The Rehoboth Basters live in a 14 thousand square kilometers area in the center of Namibia. From 1870 until 1990, this area was named “Rehoboth” and had an autonomous statute. Currently, it is divided into two Namibian administrative provinces, Hardap and Khomas. The climate is hot and dry.
The Rehoboth Basters are the descendents of the European colonists and the South African indigenous people, the Khoi. They then decided to migrate toward Southeast Africa. There they were able to buy a large extension of land from the Swartboois, with the consent of the governors.
Then they developed their own political system, which was used for more than 130 years and guaranteed these People the right to self-determination all through the years of the colonial periods and was recognised by the German Empire and the Government of the South African Union.
During the German colonial period, the Treaty of Protection and Friendship was between the German Kaiser and the Rehoboth Basters, in which the rights and freedom of the Basters were recognised. The Government of the South African Union followed the Empire in 1915 and, from that date, the Military administration has dealt with denying the Basters’ right to self-determination, even though General Botha was one of the strongest defenders of the Basters’ rights.

Ten, during the Twenties, South Africa began colonizing the country. International pressure on South Africa increased in the following years, obliging the government to concede some of the Rehoboth Basters’ demands. On July 2, 1979, the Basters received the possibility of forming their own government, based on their Paternal Laws, by means of Act 56 of the South African Parliament. The Rehoboth Basters developed and prospered on all levels from 1979 until 1989; without a doubt, the situation changed completely when the Swapo Government assumed control.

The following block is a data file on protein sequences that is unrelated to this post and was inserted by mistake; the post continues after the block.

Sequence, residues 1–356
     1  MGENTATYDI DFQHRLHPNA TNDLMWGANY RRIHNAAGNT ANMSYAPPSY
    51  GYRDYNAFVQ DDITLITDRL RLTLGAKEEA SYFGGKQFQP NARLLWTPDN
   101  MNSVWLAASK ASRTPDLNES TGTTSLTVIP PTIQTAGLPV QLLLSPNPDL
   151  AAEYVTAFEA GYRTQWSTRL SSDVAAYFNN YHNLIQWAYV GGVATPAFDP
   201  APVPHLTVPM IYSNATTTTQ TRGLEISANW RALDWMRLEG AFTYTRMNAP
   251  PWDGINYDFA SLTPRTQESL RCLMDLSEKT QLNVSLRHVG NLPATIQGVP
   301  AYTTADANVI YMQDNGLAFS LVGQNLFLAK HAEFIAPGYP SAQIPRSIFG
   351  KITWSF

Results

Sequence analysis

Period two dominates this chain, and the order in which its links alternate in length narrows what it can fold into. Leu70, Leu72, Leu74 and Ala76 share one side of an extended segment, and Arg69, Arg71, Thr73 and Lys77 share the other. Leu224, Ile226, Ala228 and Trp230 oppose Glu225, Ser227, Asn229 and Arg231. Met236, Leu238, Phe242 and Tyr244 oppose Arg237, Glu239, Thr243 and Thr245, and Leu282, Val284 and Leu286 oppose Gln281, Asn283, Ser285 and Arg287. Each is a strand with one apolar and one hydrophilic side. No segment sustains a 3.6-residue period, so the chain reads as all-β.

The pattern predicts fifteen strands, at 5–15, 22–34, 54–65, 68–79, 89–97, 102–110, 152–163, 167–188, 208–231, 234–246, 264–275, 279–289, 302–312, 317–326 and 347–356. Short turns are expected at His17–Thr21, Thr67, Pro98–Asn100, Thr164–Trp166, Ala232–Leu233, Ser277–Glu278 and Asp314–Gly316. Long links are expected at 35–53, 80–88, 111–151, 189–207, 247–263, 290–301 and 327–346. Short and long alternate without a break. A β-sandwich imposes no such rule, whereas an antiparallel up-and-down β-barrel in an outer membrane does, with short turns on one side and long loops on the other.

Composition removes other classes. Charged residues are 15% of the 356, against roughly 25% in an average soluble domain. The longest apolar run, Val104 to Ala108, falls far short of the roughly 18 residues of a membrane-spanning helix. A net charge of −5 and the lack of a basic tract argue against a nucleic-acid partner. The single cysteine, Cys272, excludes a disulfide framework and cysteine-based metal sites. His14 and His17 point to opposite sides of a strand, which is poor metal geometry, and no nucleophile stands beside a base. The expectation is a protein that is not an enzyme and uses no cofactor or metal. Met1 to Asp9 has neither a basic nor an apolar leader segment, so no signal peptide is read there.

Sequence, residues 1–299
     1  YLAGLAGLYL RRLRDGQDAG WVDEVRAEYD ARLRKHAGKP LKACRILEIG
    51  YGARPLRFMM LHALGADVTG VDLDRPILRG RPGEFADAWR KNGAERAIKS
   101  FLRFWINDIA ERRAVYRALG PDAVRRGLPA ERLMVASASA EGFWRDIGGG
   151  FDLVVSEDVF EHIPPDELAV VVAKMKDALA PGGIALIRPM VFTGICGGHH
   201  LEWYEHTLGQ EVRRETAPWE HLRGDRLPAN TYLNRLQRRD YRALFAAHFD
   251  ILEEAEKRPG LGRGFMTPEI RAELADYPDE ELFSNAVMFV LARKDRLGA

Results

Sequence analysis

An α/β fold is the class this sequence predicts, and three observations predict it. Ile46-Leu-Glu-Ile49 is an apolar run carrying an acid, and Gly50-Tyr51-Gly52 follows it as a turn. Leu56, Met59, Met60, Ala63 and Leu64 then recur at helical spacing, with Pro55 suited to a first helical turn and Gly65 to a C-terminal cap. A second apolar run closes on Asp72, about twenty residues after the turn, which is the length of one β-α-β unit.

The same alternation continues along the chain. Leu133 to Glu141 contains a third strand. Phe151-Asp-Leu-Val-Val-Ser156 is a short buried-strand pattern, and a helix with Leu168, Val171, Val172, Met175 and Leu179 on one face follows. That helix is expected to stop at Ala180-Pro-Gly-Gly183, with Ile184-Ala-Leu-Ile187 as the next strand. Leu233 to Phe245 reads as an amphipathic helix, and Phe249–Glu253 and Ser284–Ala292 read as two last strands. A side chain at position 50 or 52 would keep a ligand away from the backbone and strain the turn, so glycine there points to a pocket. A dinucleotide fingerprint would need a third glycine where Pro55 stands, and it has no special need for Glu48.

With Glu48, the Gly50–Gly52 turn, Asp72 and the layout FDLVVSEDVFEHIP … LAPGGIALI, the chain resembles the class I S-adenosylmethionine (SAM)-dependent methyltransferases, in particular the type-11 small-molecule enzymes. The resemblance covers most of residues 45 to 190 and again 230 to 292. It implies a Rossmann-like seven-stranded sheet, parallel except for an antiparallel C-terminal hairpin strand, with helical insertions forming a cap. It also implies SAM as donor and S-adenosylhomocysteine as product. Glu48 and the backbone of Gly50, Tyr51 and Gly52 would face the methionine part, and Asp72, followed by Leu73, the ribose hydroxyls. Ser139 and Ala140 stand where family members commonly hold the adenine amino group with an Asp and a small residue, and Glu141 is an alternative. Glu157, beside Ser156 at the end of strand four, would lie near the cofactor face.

All lands belonging to the Basters Community were confiscated. Those goods were registered in the name of the Captain and the Council on the behalf of the Rehoboth Basters Community. The Namibian Constitution stipulates that in these cases an indemnity must be paid; however, in this case, nothing arrived for the Rehoboth Basters.
The Rehoboth Basters were divided into two parts that were added to two large regions, Khomas and Hardap. This delimitation impeded the Basters from having their own representatives in Parliament and dealt with further debilitating these People’s fight to recover their autonomy.
One of the most important organisations for the Rehoboth Basters is the Captains’ Council which has been, traditionally, the community’s leader. The Council is comprised by the Captain, who is elected by the Rehoboth Basters People, and three members of the Council.